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How Can Relapse Affect My Work Performance and Success?

How Can Relapse Affect My Work Performance and Success?

Whether you have a mental illness or a substance use disorder (SUD), relapse typically involves reverting back to behaviors you have been working to overcome while in treatment. Many equate relapse as failure, when it is really a true indicator that something in treatment needs to be altered or reinforced. Relapse can tell us a lot, such as: what still triggers us, what we need to do next time to prevent relapse, what we need to do more of, and so forth. For business professionals, relapse can certainly have a major impact on not only their personal life but in their business pursuits – jeopardizing their success in this realm.

A 2017 review published in the journal Social Work identified several workplace barriers to recovery, which can make a professional more susceptible to relapse:

  • Not enough education and support in the workplace environment means that executives and employees alike are unaware of any needs that could combat substance abuse problems in the workplace
  • Workplace policies may not adequately support the recovery of those with SUDs, and management that is not equipped to deal with these situations may not be able to consider alternatives to helping someone with an SUD
  • Specialized treatment services may not be known by managers and employees, making it difficult for seamless transitions between the workplace and recovery treatment centers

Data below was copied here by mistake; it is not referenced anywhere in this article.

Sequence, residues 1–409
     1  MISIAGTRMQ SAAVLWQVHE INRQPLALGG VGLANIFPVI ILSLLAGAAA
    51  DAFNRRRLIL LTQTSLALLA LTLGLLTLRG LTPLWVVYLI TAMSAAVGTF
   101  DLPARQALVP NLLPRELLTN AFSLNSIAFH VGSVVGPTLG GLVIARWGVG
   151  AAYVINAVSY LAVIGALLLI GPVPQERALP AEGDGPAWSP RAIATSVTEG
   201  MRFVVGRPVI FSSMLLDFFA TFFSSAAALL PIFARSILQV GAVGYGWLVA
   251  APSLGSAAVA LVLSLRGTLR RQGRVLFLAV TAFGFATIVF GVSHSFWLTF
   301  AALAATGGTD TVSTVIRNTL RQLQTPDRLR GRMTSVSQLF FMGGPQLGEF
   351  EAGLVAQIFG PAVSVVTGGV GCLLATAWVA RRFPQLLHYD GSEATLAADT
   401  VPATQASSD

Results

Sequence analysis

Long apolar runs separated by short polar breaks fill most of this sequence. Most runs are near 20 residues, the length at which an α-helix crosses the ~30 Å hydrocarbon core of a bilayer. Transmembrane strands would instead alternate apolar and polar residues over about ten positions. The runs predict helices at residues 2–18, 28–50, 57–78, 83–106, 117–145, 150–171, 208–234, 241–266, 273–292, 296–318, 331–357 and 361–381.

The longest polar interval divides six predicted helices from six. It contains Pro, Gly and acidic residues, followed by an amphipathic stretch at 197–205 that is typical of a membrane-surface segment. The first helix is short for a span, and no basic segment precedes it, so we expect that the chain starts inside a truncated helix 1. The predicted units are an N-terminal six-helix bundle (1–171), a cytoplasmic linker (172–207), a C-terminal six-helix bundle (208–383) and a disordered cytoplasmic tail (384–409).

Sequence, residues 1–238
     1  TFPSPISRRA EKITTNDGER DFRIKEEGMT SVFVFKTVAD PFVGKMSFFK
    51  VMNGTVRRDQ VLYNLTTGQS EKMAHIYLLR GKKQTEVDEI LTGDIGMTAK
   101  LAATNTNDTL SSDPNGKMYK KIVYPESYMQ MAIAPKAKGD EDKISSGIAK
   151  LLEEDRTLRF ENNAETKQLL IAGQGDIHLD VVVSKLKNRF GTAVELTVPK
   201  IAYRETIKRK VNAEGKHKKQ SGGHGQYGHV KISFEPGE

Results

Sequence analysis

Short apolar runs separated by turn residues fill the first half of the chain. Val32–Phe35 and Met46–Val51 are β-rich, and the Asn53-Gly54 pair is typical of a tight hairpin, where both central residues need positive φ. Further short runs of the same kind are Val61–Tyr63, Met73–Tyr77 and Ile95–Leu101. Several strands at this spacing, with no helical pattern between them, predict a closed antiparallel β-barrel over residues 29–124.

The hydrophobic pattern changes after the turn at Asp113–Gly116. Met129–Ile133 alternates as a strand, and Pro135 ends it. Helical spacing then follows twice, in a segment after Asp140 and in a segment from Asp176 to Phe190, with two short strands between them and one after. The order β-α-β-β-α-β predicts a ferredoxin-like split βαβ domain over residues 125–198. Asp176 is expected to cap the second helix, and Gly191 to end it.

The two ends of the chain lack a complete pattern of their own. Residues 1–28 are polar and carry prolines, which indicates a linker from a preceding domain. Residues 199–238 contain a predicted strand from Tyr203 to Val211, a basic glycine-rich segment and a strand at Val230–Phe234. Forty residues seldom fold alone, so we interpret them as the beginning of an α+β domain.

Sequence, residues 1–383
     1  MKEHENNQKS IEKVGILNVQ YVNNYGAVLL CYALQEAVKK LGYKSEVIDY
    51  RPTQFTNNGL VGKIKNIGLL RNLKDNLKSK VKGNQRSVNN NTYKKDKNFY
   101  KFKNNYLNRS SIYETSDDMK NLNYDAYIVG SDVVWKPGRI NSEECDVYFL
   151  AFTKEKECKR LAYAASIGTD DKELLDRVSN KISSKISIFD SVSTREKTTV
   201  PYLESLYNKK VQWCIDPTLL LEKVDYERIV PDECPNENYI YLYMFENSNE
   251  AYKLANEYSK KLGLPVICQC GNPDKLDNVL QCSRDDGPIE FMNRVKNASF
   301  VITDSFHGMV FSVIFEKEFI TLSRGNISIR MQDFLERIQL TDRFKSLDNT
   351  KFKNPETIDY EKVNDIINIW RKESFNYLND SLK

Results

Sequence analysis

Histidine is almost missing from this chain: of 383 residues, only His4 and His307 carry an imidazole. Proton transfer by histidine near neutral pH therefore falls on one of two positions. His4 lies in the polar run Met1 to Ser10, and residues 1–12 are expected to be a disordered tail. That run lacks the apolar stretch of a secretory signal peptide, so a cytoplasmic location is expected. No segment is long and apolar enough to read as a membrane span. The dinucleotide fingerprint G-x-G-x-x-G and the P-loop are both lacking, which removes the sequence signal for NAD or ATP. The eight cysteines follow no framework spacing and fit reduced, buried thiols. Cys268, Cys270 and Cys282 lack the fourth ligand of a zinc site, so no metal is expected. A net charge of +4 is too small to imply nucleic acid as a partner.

Ultimately, relapse may cause a professional to miss work, show up late, decrease their productivity levels, miss deadlines, engage in misconduct, and more. The U.S. Department of Health and Human Services notes that while relapse may certainly be considered an issue from a risk-management perspective, support is most crucial not only to retaining employees, but also in supporting an individual’s recovery. Collaborative care between professionals and employers in terms of recovery could include a few things, such as:

  • Measuring progress
  • Making referrals to services available
  • Increasing a person’s motivation to change
  • Providing consistent feedback
  • Observing staff
  • Requiring accountability

Relapse does not discriminate, so no matter your position, it’s important that you continue making major strides towards your recovery. Your are not alone in this. Your personal and professional life depends on the restoration of your mind, body, and spirit.

If you haven’t already, speak with someone from a professional treatment center to learn more about programs to best suit your needs. Optimal recovery is possible, and you are not alone in your pursuit for happiness, health, and wellbeing.

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Center for Professional Recovery